Swinburn, Peter M. (1975) The crustal structure of northern England. Doctoral thesis, Durham University.
The crustal structure of Northern England was examined, using mainly the refraction technique. A three layer crustal model with interfaces at 0 to 3 km, 12 km, and 27 km was interpreted from the data. The lateral variations in thickness of the sedimentary cover was investigated by measuring Pg travel times from quarry blast sources recorded at mobile stations. The time term method was used to interpret the results and showed that the basement varied from 2i to 3h kin deep within the sedimentary troughs to less than 1km beneath the block regions. The interpretation of apparent velocities of crustal phases across Eskdalemuir and Rookhope arrays, and wide-angle reflections, suggested the existence of a lower crust between 12 and 27 km deep, with a velocity of about 6.5 km/sec. The upper crust (Pg about 5.7 km/sec) showed some evidence of velocity increasing with depth, especially the uppermost part of the granite beneath Rookhope array. A refraction line (N.E.R.L.) recorded the shots of the L.I.S.P.B. project throughout the northern Pennines. This line examined the variation in thickness of the main crustal layers across the principal structural units. It suggested that the Moho was approximately level beneath the region. This indicates that the relative elevation of the blocks was isostatically supported by low density granites. The upper mantle has a Pn velocity of about 8.05 km/sec and the character of the phase suggested a sub-moho structure such as an increase of velocity with depth. The surface wave dispersion of teleseismic events recorded at Eskdalemuir and Wolverton was examined. The interpretation suggested a crust 30 km thick and a shear velocity of 4.55 km/sec for the upper mantle.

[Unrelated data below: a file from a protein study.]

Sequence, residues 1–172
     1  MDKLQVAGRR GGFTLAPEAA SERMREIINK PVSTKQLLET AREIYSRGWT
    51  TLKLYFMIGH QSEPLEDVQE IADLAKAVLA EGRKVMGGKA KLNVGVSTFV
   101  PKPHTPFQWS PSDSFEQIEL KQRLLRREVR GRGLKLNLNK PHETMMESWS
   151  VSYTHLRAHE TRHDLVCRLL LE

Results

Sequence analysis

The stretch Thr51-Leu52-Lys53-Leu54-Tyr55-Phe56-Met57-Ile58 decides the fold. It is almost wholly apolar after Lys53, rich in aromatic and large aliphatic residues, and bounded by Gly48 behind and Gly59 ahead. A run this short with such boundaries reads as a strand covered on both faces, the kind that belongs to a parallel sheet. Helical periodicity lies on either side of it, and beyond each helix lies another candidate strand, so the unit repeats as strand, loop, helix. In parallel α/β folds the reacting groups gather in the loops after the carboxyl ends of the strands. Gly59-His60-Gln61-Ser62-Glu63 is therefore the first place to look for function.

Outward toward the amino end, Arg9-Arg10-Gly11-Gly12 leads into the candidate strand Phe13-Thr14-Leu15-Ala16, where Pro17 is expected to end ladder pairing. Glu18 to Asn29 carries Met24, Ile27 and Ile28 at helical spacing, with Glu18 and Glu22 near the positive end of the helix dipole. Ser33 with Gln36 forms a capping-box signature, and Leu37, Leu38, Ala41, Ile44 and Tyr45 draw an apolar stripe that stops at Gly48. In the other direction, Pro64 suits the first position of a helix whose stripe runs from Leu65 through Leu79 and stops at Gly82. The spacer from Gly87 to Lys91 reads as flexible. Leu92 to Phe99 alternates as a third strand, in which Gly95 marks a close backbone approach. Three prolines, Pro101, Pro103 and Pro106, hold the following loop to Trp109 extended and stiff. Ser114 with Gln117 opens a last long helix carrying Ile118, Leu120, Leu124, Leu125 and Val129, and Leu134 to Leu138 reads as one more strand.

|Item Type:||Thesis (Doctoral)|
|Award:||Doctor of Philosophy|
|Copyright:||Copyright of this thesis is held by the author|
|Deposited On:||18 Sep 2013 15:43|